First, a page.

Attorneys & Professionals

Kier Wachterhauser

TEL: (617) 479-5000
EMAIL: kwachterhauser@mhtl.com

Mr. Wachterhauser represents public- and private-sector clients.  He regularly represents clients in labor and employment matters.  He also advises public-sector clients in matters related to public law, and maintains a general litigation practice.  Mr. Wachterhauser has extensive experience counseling clients in employment-related matters, drafting policies and contracts, and representing clients in litigation, including discrimination, harassment, wrongful termination, and wage and hour disputes before federal and state courts and administrative bodies.

Mr. Wachterhauser received his Juris Doctor from Boston University School of Law, where he served as the Editor-in-Chief of the Boston University Law Review.  In law school, Mr. Wachterhauser was awarded the Faculty Award for Academic Accomplishment.    Prior to attending law school, Mr. Wachterhauser spent several years working in the consulting field, providing guidance to administrators of hospitals and universities on a variety of business-related matters.   Mr. Wachterhauser received a Masters of Arts degree from Northwestern University and graduated from Swarthmore College with honors.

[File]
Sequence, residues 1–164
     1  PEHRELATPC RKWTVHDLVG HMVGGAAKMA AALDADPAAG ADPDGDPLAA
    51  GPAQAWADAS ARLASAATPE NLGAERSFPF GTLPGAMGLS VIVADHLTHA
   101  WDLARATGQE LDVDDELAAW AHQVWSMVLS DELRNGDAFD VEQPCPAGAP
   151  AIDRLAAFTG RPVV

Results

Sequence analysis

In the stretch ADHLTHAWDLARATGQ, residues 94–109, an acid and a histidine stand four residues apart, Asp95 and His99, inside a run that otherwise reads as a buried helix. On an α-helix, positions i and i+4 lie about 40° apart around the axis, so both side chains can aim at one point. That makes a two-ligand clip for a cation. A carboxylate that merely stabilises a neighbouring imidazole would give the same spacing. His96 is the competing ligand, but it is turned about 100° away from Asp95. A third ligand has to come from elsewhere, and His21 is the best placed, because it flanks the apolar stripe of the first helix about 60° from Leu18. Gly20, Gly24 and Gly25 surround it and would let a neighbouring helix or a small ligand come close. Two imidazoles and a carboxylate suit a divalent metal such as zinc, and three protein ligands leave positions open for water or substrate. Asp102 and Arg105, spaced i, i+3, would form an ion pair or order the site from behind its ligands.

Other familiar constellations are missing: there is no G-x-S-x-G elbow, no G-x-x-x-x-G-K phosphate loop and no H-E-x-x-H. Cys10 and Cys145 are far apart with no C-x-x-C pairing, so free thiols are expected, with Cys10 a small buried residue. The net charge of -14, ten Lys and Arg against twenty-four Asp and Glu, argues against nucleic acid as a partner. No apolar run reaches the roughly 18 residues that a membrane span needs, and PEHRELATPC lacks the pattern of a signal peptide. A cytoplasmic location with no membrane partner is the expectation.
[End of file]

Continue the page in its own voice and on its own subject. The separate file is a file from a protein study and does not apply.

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CCHRA 2018 Labor & Employment Law Update

Cape Cod Human Resources Association is hosting its 2018 Labor & Employment Law Update, presented by MHTL attorneys Katherine Hesse, Kier Wachterhauser and Sarah Spatafore.  This event will feature a discussion of recent legal decisions, updates, and late breaking developments (such as the Equal Pay Act effective July 1, 2018), and the lessons employers need to know for the coming year.

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Legal Updates

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Governor Baker Signs “Grand Bargain” Bill

On June 28, 2018, Governor Baker signed the “Grand Bargain” bill advanced by the Legislature to address issues relating to minimum wage, Sunday overtime pay, an annual Sales Tax Holiday, and, perhaps most important, establishing paid family and medical leave in Massachusetts. Below is a brief summary of this new legislation.  This law will go into effect in stages and has a number of aspects that will be clarified through regulations and guidance from the state agencies tasked with interpreting and enforcing these new laws. Overall, this bill was touted as a “compromise” between business and labor groups in order to keep corresponding ballot questions off the November 2018 ballot.

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